Live Action Role Play comes alive in Belton

by / 0 Comments / 132 View / March 9, 2017

By Lindsay Starr Platt, Correspondent

For over five years Dystopia Rising: Texas a group dedicated to Live-Action Role-Playing, also known as LARP, has been hosting events at Camp Kachina in Belton. The events are a full-weekend long Friday through Sunday and are held several times a year with hundreds of participants from near and far.

“Dystopia Rising is a networked game series. We host a fully immersive role-playing game in a post-apocalyptic, zombie-infested setting. From Friday to Sunday participants live as a survivor… eating, sleeping, and (mock) fighting in character. We’re also a community of friends and family,” said Ryan Coogan, Dystopia Rising:Texas organizer. “Dystopia Rising is a game that has brought a lot of people together, but even after the event has ended we still see each other at restaurants, bowling, playing video games, on river floats, you name it. Countless friendships have sprouted because of DR and even a few marriages.”

Dystopia Rising: Texas is part of a national network, Dystopia Rising. Players in Texas can travel to sister chapters in Oklahoma, Florida, and California. New Jersey hosts the mother chapter which has been operating since 2009.

“LARP is a form of experiential entertainment, where participants are a part of the story and the action. There are different kinds of LARP. I would best describe what we do as experiencing your favorite television series or video game. The stories are episodic, with each event having its own storyline and plot, but each episode builds on the past to create a much larger story,” said Coogan.

“Our genre is post-apocalyptic horror. The focus of our story is survival. How to cope in a world where monsters are real. How to build a society where bullets are valued more than education, where corruption is a valued tradition, where addiction is both prevalent and ignored.”

Dystopia Rising Texas averages between 250 and 350 players per event.

The event is part of a network and often has participants from as far as Washington and New Jersey.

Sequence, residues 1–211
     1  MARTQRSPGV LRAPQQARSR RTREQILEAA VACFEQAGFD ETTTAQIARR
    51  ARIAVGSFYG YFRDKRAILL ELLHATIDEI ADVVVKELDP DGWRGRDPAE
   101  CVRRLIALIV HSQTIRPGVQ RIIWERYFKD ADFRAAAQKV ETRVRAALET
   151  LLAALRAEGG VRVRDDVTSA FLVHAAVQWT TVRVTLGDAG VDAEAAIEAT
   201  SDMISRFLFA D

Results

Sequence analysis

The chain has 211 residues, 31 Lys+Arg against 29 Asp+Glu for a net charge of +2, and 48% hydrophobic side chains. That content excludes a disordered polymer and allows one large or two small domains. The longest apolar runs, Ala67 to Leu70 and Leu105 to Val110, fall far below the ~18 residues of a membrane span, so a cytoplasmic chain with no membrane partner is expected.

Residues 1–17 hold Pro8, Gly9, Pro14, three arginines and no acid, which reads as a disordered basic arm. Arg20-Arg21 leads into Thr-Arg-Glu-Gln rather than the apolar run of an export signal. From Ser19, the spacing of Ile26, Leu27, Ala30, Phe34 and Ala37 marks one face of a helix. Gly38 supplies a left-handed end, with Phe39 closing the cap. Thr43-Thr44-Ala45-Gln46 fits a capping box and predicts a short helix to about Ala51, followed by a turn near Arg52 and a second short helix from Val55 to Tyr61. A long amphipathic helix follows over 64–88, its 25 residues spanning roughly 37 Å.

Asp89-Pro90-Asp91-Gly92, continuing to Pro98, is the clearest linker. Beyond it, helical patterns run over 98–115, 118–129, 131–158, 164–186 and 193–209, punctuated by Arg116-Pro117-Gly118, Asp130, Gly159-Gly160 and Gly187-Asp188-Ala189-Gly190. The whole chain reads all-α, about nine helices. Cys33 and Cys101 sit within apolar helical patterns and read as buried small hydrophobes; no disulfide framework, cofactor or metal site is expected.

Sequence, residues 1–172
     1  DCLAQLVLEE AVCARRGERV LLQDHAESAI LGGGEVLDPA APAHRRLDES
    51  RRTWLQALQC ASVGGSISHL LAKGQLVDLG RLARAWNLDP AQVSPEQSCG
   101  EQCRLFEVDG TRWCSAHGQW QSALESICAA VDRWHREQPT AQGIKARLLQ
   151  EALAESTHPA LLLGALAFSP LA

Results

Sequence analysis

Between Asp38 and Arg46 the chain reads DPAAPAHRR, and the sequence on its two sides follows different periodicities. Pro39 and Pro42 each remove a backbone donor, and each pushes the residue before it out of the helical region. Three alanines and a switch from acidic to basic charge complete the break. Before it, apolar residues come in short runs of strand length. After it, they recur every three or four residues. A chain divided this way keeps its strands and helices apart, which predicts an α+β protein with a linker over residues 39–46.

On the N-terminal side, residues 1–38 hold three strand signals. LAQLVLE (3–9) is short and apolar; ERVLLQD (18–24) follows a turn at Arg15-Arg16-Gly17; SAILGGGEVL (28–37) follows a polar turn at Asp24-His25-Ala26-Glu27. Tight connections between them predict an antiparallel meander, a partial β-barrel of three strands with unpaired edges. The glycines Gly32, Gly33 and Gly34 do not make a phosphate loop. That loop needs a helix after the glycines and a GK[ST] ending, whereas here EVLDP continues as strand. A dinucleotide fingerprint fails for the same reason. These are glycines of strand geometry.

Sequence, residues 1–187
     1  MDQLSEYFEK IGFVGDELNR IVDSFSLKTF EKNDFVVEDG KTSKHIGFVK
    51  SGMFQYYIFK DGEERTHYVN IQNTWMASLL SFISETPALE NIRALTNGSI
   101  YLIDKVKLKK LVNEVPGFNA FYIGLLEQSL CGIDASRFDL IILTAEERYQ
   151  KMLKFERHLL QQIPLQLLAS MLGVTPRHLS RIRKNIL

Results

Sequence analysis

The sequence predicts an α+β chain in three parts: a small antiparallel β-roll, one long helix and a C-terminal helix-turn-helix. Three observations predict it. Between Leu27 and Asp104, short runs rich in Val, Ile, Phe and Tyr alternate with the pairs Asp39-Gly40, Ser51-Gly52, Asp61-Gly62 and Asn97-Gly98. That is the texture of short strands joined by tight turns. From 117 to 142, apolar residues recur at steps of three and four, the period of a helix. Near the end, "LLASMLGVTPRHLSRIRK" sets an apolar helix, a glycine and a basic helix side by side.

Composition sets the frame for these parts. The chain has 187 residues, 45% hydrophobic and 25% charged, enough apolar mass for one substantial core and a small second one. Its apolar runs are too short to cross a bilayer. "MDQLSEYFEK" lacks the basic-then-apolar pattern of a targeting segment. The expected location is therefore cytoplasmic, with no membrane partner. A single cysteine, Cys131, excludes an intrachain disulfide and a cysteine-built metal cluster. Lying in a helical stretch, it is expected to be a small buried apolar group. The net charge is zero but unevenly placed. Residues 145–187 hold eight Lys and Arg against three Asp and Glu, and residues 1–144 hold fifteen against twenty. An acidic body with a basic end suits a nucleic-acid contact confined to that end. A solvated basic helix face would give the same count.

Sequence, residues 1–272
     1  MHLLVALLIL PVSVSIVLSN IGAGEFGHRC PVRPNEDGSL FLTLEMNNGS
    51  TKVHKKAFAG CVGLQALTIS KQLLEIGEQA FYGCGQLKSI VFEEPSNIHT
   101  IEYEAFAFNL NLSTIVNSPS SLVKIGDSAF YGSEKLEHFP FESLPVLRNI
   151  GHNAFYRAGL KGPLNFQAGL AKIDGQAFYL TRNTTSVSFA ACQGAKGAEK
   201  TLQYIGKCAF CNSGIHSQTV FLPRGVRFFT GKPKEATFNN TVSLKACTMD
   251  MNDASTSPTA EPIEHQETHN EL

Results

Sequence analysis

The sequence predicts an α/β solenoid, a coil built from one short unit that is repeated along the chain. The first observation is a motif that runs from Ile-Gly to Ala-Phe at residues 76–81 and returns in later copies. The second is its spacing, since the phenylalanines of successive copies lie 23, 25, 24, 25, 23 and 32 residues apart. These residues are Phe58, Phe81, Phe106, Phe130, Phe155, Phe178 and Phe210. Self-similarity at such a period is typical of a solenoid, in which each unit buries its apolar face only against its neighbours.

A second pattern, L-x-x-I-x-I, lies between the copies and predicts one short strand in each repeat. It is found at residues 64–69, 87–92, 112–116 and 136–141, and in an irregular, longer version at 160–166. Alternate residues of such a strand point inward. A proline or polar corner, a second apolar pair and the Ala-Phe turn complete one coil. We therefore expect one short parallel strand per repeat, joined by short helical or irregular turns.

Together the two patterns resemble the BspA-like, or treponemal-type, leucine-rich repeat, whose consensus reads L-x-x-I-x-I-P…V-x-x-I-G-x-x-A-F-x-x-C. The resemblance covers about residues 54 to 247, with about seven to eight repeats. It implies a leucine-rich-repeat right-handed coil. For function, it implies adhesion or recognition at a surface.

“We have local players come from all over Texas and a few who come out from as far as Louisiana and even a handful who drive out from New Mexico every month. I suppose “local” is pretty relative in those terms,” said Coogan. “We’ve been in Belton for five years since we started Dystopia Rising: Texas. In a lot of ways, Belton was the perfect home for us. It is central enough that we see players come out from Austin, Dallas, and Houston. The camp is private so we’re not a burden on the neighbors. We got to partner with a great organization, the Girl Scouts of Central Texas, who do great work. And if I’m being really honest, we could afford it.”

One of the aspects of LARP is the elaborate costuming that is involved for a person to role play in a live action event. Many costumes include weapons and must be checked-in before playing.

“The genre is post-apocalyptic so players have assembled costumes from all manner of things. For some, it is as simple as stained and tattered clothing. Others have built armor out of football pads and car parts. The costuming is similar to cosplay but there’s a bit of a crowbar separation between the two. Cosplay is reproducing someone else’s character and this is creating one of your own,” said Coogan. “Our costuming also has to last because people are running for their fictional lives in them. We use prop weapons. Some are professionally manufactured and others are built at home, but we handle and tag each of them to make sure they are safe.”

LARP is both scripted and improv to include storylines and schedule encounters for the whole weekend.

“We don’t really know how those things will resolve. It’s a lot like reality television actually, where we know what characters will fight over, but not how it resolves or what they’re going to say,” said Coogan.

When Coogan was asked how to explain Dystopia Rising to someone not familiar with LARP, he replied, “I say that it is a lot like living inside your favorite television series or video game. Instead of passively watching a character on screen, you can actually portray one, and you can interact with others doing the same to create a series.”

Players have to be at least sixteen years old with their parent’s permission to participate in a Dystopia Rising: Texas event. Meals are not included, so players do need to provide their own food.

Coogan said, “There are, however, a few players who will put together a meal plan for friends and strangers alike.”

The next Dystopia Rising: Texas event will be the weekend of March 10. More information can be found at the website: www.dystopiarisingtx.com.

“Dystopia Rising is a lot like a second family to a lot of us. Which makes Camp Kachina and Belton our second home. We’ve been eating at Backyard BBQ since the dining hall was plastic chairs and we filled it to capacity until we couldn’t fit anymore. The people there were angels for dealing with us. Between us and our player base, I think we have a dozen lockers at Amy’s Attic. Some of us sneak off to MeeMee’s for Saturday lunch or China Dynasty on Sundays for lunch. The local Dollar General has saved me more times than I count on last minute must-haves that I’ve forgotten at home,” said Coogan.